“Secondly, the real issue is not the permit process. The real issue is the permit requirements. … If the requirements are still that for you to have a permit anywhere, you must have a commissary, this bill has not addressed that. So, if you couldn’t get permitted before, this bill isn’t going to help you get permitted.”
Shayla Cottle and Kelleray Gill, Owners, Sistahritas
When Shayla Cottle and Kelleray Gill met a few years ago, they connected over a shared love of food. Last year, they took that shared love to new heights by opening their food truck Sistahritas. Located on Fayetteville Road, the menu consists of “Mexisoul” cuisine — Mexican food with a Southern bent. Cottle and Gill petitioned to show their support for HB 1443.
“We did do our part. We called our city council, we left emails because we understood that it could benefit us, but we didn’t get down on the front lines. … We’re just sitting back, waiting.
“My thing is it sounds great, but, it’s always something on the back end. … It’s great that we’re only going to have to have one permit for the whole state of Georgia, but how much is that going to cost us? That’s what my concern is.
“I feel like they can, kind of, tweak the law some to where they’re going to let these food truck owners and operators use shared kitchens rather than use commissaries. You have a commissary right now literally the size of a small closet — they want $1,500 a month [and] that’s not even including your utilities, parking, all that. It’s fees on top of fees. … So that, I think, is more of an issue than the permitting issue. … We just had a lady the other day tell us her and her husband sold their food truck and the husband went back to work because [of] the commissary issue. We have people every day talking about this.” — Cottle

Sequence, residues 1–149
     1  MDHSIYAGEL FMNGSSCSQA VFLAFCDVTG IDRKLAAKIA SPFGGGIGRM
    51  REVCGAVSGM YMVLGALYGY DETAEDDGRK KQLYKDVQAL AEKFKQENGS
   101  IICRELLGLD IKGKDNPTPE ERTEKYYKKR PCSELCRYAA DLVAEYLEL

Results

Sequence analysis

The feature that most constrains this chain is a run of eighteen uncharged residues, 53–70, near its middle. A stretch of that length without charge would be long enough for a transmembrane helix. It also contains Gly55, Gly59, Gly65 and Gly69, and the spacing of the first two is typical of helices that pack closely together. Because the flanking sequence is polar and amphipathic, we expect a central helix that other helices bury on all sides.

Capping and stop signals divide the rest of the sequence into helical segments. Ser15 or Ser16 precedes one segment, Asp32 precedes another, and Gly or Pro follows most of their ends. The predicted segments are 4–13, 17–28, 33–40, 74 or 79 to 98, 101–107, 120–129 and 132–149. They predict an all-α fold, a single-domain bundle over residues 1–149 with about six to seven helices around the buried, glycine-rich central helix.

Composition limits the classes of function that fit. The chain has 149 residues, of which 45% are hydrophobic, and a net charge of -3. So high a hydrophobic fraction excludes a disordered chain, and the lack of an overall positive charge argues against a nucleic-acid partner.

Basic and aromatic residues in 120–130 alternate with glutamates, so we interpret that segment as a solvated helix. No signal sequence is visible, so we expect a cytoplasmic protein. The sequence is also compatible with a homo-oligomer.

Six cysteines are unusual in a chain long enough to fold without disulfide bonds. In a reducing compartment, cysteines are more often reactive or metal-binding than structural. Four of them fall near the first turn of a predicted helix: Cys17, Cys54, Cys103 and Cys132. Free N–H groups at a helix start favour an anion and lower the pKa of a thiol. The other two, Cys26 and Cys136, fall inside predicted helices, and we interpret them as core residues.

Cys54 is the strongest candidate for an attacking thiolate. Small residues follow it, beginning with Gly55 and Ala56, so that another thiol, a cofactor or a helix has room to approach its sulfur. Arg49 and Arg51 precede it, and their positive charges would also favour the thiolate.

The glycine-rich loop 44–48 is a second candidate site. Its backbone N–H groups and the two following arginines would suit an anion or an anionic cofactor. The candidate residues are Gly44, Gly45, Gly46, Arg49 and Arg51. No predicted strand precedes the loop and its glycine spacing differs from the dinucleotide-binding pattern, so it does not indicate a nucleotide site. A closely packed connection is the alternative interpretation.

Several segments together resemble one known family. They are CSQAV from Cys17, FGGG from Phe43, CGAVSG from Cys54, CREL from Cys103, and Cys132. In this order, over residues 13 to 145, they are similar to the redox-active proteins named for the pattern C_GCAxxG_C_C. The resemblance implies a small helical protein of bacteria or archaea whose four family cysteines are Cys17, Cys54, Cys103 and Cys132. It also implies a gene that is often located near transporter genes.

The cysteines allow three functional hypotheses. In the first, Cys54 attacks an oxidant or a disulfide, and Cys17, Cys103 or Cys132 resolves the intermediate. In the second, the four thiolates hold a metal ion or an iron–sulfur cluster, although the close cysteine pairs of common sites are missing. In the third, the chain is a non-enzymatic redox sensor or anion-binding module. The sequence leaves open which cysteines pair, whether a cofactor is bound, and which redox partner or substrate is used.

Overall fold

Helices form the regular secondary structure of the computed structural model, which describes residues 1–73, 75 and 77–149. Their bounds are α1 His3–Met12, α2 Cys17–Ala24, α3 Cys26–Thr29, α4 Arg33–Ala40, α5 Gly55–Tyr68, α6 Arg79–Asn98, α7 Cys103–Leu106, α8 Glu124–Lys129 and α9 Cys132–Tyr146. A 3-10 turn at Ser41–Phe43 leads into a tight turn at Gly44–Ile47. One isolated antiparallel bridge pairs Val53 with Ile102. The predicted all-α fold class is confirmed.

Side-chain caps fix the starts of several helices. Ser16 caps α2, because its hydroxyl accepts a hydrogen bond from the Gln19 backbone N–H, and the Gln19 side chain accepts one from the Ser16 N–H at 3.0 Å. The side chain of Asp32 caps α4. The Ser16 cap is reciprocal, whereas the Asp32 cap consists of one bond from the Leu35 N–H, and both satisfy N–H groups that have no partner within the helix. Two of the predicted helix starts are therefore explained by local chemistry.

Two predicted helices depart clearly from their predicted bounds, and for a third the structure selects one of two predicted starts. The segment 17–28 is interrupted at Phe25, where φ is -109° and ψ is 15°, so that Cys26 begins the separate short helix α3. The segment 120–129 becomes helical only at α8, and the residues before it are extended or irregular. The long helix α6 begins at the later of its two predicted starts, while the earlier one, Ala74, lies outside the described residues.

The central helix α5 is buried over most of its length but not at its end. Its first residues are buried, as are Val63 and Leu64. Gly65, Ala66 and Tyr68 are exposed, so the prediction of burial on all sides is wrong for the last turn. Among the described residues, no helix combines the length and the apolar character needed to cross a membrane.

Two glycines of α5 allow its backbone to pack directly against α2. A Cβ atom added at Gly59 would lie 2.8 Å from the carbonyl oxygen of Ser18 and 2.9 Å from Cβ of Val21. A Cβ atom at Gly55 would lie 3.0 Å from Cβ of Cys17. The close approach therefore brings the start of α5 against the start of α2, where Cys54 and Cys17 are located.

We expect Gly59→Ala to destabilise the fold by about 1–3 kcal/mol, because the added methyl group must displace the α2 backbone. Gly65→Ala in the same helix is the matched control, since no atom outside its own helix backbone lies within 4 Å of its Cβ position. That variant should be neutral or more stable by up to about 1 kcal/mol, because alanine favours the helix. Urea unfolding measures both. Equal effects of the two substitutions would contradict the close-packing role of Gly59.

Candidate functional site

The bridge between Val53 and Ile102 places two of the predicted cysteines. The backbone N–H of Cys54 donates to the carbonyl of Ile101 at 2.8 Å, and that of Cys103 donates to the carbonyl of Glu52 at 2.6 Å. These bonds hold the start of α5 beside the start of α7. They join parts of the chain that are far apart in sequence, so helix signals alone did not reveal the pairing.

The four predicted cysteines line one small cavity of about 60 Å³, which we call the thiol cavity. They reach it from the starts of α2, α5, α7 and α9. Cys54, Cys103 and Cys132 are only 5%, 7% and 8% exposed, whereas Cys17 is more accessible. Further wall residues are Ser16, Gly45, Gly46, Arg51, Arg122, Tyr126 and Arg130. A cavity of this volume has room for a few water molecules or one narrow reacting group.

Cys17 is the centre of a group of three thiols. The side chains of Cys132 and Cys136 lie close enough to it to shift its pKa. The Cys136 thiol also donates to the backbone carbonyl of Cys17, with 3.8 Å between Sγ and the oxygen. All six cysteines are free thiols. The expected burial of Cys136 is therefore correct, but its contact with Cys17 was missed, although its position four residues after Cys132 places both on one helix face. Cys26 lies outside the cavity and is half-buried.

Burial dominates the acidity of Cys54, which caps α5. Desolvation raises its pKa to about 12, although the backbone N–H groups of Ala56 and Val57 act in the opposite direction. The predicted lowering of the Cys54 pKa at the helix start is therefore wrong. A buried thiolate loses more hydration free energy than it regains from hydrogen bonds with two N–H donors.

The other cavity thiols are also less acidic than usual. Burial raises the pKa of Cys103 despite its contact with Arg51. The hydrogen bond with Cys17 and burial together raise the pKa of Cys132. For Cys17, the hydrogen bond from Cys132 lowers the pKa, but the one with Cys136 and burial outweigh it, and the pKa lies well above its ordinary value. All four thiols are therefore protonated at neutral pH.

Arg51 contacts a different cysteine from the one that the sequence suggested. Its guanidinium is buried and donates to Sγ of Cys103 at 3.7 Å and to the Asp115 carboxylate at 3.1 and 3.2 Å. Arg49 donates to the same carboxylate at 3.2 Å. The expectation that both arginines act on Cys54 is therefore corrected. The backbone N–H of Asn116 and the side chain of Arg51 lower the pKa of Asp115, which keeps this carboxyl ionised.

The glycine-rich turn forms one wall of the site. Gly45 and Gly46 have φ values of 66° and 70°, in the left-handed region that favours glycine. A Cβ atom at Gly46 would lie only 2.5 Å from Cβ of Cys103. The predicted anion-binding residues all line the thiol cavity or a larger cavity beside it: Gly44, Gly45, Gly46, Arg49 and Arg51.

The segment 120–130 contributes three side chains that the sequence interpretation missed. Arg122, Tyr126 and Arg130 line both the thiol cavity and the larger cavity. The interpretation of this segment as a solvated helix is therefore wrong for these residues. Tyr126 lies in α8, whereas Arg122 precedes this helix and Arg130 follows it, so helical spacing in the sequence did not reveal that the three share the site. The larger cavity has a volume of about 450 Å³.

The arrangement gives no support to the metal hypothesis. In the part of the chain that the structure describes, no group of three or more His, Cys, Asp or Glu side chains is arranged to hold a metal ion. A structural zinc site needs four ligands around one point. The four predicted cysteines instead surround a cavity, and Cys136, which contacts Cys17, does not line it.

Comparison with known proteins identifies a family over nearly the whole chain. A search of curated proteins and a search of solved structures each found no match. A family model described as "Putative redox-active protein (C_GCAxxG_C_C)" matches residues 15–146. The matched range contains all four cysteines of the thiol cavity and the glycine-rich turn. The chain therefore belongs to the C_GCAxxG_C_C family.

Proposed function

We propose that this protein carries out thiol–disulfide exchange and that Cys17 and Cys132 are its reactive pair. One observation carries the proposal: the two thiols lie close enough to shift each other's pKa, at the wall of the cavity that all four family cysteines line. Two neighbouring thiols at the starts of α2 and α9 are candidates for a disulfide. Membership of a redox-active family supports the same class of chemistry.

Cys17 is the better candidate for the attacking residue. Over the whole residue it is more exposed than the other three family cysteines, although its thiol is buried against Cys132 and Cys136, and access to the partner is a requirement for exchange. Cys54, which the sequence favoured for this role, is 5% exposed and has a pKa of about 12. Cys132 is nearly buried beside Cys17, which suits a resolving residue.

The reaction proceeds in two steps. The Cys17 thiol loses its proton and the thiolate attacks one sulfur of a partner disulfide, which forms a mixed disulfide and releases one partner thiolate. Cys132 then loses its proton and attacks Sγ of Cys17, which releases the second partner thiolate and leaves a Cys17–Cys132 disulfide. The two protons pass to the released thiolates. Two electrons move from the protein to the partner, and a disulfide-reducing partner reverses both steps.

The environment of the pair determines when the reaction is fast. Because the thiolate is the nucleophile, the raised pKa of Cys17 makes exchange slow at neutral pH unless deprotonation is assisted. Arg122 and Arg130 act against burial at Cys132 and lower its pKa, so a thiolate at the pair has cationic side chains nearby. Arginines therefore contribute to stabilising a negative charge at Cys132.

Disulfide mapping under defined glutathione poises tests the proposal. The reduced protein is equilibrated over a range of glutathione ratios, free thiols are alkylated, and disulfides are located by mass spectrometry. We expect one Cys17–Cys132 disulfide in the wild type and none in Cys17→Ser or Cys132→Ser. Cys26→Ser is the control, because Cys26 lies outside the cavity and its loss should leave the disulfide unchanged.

Carl and Jei Johnson, Owners, Soul Truckin Good
Carl and Jei Johnson’s food truck, Soul Truckin Good, serves just what the name suggests — an array of soul food, plus barbecue. Started in 2015, the business is based out of Norcross and primarily caters rather than vends. The Johnsons also supported HB 1443.
“Filling out temporary permits in different counties to do these different events and things like that just to be legal, they definitely became expensive and almost to the point where if you didn’t make your money at that event from what your cost was food-wise and [with] permitting, then you would essentially go out of business before you really even get started.” — Carl Johnson
Will Turner, Owner, The Blaxican
Atlanta food truck OG Will Turner has owned The Blaxican for over a decade and has seen the street food scene transform practically since its inception. Renowned for his fusion of Mexican and soul food, Turner wrote in an email to Capital B Atlanta that he wasn’t aware of HB 1443’s passing.
“As one of the oldest and most popular food trucks in Georgia, decentralized county and city permitting has been a thorn in my side for 11 years so this is an amazing first step.
However, the bill states that it ‘sets the process for statewide permitting.’ What does that process look like because the existing process is the main problem? Prior to this bill … we had to follow Georgia Dept of Health guidelines but depending on the county you applied in, the process was changed based on their financial need and their interpretation of the guidelines. For example, Fulton County require all utensils to be wrapped while Cobb didn’t care.
As far as the black community impact, we have a saying, ‘Whenever the white community catches a cold, the black community catches pneumonia.’ Meaning the previous restrictions have been more than a hurdle for black food truckers, but it has killed many of their businesses.”